There are other women in the group, and they have observed this behavior, but it hasn't been directed at them because they aren't mothers.  There is one other woman who will be having a baby in the Fall, and she's already gotten the same lectures I got during my pregnancy, so we'll wait and see how it goes for her after her baby's born.  The other women haven't said much at all primarily because it obviously makes them uncomfortable, judging from the way they immediately look at the floor and stop talking. 

I have entertained the idea of just having a couple of the other women over when the dudes go out without having Alice, and that's also because Alice insists on bringing her daughter with her wherever they go, and her daughter cannot settle down in my house.  She chases my cats, yells at them when they try to play with their toys, and runs and jumps off of everything.  She behaves when I tell her to knock it off, but Alice has made it known that she doesn't like it.  Say, that's a thought: maybe I should tell Alice that if her daughter's in my house, she has to follow my rules, and if Alice doesn't like it, she doesn't need to worry about coming over?  I think I might have something there, what do you guys think?  That might be a little cowardly though, because that's a small problem totally separate from the root of the matter, which is that Alice is a Bitter Bossy Pants (tm).
« Last Edit: June 13, 2013, 12:29:43 PM by LeeLee88 »

LeeLee88

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Re: Dealing with a Bossy Pants
« Reply #19 on: June 13, 2013, 11:54:17 AM »
Talk to your DH first.  Make sure he knows that you don't expect him to fix the situation, but that Alice is insulting you, your home and your parenting.  Tell him that the next time Alice makes a remark that you will not ignore it and you WILL call her out on her rudeness.

I wish I had done this when DS was a baby and I had to deal with my own Bossy Pants.  When I reached my breaking point I yelled "If I want s***t from you I'll squeeze your head!".  Not my proudest moment.

And yet it's both creative and hilarious.

LeveeWoman

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Re: Dealing with a Bossy Pants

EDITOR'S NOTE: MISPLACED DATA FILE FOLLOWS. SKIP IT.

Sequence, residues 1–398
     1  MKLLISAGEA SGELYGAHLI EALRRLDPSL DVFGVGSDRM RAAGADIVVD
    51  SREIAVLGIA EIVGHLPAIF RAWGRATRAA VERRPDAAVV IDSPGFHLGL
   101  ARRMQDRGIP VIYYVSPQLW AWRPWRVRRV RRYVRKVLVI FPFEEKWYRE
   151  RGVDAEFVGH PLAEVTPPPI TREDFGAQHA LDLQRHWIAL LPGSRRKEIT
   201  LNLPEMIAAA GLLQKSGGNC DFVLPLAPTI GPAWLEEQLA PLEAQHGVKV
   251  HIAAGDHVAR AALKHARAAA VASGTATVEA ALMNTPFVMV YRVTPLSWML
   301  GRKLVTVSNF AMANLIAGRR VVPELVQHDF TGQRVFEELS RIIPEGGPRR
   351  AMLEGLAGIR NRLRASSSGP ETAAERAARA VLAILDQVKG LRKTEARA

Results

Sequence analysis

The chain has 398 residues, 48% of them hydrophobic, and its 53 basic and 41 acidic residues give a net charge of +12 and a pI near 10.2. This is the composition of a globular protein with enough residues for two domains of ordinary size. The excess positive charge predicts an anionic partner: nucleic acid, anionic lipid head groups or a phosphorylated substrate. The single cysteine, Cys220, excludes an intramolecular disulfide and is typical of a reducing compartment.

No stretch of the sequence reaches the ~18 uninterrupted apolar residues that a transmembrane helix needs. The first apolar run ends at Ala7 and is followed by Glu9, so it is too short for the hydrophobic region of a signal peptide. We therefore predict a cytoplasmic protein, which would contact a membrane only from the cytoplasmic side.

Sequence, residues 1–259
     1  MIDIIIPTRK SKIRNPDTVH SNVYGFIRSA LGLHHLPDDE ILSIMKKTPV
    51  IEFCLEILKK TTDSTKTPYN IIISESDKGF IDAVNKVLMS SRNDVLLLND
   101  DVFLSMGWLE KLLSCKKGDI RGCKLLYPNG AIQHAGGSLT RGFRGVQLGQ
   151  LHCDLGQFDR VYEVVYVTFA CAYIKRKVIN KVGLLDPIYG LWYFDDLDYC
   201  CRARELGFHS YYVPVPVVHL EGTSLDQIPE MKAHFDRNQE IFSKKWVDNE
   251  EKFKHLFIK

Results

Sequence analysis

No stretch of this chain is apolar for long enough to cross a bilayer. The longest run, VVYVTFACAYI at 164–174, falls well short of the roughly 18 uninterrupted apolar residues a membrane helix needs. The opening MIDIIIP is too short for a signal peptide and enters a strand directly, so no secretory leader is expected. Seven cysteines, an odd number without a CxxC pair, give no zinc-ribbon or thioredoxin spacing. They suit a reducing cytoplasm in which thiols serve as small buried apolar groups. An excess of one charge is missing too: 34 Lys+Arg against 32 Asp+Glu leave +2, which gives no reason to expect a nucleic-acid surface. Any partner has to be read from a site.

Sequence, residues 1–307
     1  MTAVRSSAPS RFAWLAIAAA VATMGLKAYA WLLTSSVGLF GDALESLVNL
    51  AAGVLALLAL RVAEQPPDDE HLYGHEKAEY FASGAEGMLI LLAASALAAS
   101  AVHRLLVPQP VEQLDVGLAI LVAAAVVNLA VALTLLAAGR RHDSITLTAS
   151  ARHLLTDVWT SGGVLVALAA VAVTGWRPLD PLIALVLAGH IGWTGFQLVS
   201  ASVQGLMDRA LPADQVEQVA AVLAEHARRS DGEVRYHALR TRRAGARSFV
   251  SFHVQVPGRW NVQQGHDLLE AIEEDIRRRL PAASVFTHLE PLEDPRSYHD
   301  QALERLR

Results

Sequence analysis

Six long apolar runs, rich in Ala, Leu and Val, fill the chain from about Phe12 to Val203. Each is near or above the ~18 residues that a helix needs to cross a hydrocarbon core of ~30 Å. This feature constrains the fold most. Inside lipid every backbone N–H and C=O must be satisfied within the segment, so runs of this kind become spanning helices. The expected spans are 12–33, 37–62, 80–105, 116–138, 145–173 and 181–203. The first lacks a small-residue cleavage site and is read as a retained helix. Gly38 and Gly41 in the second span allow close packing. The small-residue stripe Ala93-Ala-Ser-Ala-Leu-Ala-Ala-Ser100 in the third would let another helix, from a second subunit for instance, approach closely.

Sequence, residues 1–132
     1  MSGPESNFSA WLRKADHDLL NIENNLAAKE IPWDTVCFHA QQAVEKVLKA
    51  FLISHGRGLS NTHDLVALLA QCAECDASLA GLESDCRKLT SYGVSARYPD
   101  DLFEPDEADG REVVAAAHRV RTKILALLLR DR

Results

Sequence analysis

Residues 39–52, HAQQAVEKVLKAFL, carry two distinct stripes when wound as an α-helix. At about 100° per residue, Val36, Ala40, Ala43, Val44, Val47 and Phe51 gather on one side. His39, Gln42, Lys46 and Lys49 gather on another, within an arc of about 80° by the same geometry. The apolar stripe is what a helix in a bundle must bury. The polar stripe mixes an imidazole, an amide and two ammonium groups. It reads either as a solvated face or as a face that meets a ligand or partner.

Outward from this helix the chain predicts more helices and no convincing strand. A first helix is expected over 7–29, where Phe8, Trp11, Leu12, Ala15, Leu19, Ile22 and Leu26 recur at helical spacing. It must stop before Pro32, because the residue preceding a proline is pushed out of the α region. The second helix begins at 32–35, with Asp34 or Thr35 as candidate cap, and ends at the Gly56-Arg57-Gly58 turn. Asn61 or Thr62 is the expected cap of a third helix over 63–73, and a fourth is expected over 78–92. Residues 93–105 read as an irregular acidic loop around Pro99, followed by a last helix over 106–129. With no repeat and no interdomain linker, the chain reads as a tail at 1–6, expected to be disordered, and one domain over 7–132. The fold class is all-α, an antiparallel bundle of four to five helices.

« Reply #20 on: June 13, 2013, 11:57:34 AM »
Wow, you guys are good, and fast!  Since I wrote the OP, I've already decided against going to Alice and her husband's place for the next gathering.  If she doesn't like it, tough noogies.  I did tell my husband I needed a break from her for a while, but I don't think he understands the level of annoyance I have with this woman because all I said to him was, "Frankly, she's a right b****", and I didn't get much of a chance to explain because the baby needed attention, it was late, blah blah blah.  I will sit down with him to let him know why I won't be going to the next gathering, and why I don't want her in my house anymore, but I'll wait until the subject of the next gathering actually comes up so it doesn't seem as though I'm attacking him or his friends. 

There are other women in the group, and they have observed this behavior, but it hasn't been directed at them because they aren't mothers.  There is one other woman who will be having a baby in the Fall, and she's already gotten the same lectures I got during my pregnancy, so we'll wait and see how it goes for her after her baby's born.  The other women haven't said much at all primarily because it obviously makes them uncomfortable, judging from the way they immediately look at the floor and stop talking. 

I have entertained the idea of just having a couple of the other women over when the dudes go out without having Alice, and that's also because Alice insists on bringing her daughter with her wherever they go, and her daughter cannot settle down in my house.  She chases my cats, yells at them when they try to play with her toys, and runs and jumps off of everything.  She behaves when I tell her to knock it off, but Alice has made it known that she doesn't like it.  Say, that's a thought: maybe I should tell Alice that if her daughter's in my house, she has to follow my rules, and if Alice doesn't like it, she doesn't need to worry about coming over?  I think I might have something there, what do you guys think?  That might be a little cowardly though, because that's a small problem totally separate from the root of the matter, which is that Alice is a Bitter Bossy Pants (tm).

She's telling you how to be a parent yet she's unable to control her own daughter?! You couldn't cut that bit of irony with a knife.


Piratelvr1121

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Re: Dealing with a Bossy Pants
« Reply #21 on: June 13, 2013, 12:00:01 PM »
Yeah that cracked me up, though I will say one thing I've noticed is that sometimes the most insecure are the bossiest.